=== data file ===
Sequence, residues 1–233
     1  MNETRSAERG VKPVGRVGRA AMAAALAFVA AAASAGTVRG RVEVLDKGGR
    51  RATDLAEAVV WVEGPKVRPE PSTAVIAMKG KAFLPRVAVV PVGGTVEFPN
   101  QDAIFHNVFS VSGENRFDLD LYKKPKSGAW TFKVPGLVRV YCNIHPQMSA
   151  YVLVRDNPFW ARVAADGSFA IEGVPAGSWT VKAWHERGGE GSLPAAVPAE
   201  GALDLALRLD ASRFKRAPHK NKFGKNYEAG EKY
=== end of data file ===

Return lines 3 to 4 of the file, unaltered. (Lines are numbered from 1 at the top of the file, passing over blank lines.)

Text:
    51  RATDLAEAVV WVEGPKVRPE PSTAVIAMKG KAFLPRVAVV PVGGTVEFPN
   101  QDAIFHNVFS VSGENRFDLD LYKKPKSGAW TFKVPGLVRV YCNIHPQMSA